That was two weeks ago, and yesterday I stopped in to buy some bulk tea, same custom blend, because I haven’t stopped thinking about it since I drank the first mug. So I bought some of that, and also some unbleached tea filters, and also a second kind of tea which sounded delicious. OH, and a jar of unfiltered, unpasteurized “Maine-made by Maine bees”, organic honey. With a wooden dowel thing that drips in the honey just right. I came straight home and put on the kettle and drank my tea all afternoon while I worked. I’m having another cup now, and while it’s probably just the steaming hot mug, my fingers are finally warm and I have high hopes for my toes.

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very, very bad!

February 19, 2008

Is it bad that I passed a real estate office this afternoon and thought, “maybe I should stop in…”?

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It’s the Valentine Bandit, Charlie Brown

February 17, 2008

Last week the woman that I am renting this apartment from wrote me an email to tell me to make a special trip to the Old Port neighborhood on Valentine’s Day to look at all of the hearts. She wrote, “they will be everywhere, on doors and windows, and sides of buildings; it is one of my favorite special things about Portland.”

So before class on Friday I went for a walk and pretty much, I have to say, it would be impossible NOT to see the hearts. There were hundreds of them, on every shop window, every advertising board, and every door. Simple red printed hearts on xerox type paper. I think this is kind of neat – clearly the chamber of commerce sends out a picture, and all the shops print it out and tape up all the hearts. I also think it’s nice that every shop agrees to participate. But I don’t think it’s something that I would say qualifies as a very favorite thing about Portland. But still…I take a few pictures.

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But then….BUT THEN….I read this article, and what do you know, now I get it.

The shopkeepers don’t put up the valentine hearts. They simply appear all over the city. No one knows who does it, and their appearance every year since 1976 is attributed to the work of the Valentine Bandit (also called the Valentine Phantom). However, there are so many, many, many of them that it has to be the work of an entire Valentine Bandit Collective. No one has ever seen him (them?), and no one has ever publicly claimed credit, but every year the city of Portland wakes up on February 14th covered in hearts. And every year people think it’s wonderful, and it’s one of their favorite things.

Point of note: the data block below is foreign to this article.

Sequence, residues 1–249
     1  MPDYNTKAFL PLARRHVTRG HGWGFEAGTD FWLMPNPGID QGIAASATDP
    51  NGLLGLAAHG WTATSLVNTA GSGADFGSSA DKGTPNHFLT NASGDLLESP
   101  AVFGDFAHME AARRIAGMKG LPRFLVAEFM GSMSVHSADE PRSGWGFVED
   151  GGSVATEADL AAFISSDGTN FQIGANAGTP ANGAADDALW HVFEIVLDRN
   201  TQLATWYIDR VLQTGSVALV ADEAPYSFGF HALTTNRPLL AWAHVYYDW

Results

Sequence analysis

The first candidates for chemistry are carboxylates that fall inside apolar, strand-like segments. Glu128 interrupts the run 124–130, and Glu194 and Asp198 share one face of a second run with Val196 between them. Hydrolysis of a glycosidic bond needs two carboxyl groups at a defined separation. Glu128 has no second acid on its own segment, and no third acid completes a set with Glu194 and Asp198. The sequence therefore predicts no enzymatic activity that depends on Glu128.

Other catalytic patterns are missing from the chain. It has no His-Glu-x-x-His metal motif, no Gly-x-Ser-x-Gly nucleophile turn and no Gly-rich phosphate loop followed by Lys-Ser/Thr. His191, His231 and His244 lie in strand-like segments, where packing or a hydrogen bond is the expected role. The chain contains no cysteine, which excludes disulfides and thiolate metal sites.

And now I do, too.

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dry

February 16, 2008

Hello winter. You are very dry. I was moaning about telling a friend about my allergy attacks – about the itchy throat that comes out of nowhere, the violent sneezing that comes after, etc. etc. – and she seems to think the problem might be dry air, since there is no other common denominator. My only resistance to this idea is that it’s just as dry in Chicago and I’ve never had this problem.

A phone call was placed to my friend the herbalist, who pointed me in the direction of the drugstore. Almond oil on damp skin, really good moisturizer (glycerin, no mineral oil), lots of water. I am resisting buying a humidifier, on the theory that it’s a lot cheaper to put a pot of hot water on top of the radiator. That, and I don’t want to have to carry it back to Chicago.

Tomorrow afternoon I will take a break from work to go here with a new friend. I will ask for “dry inside the nose” tea and see what gets produced.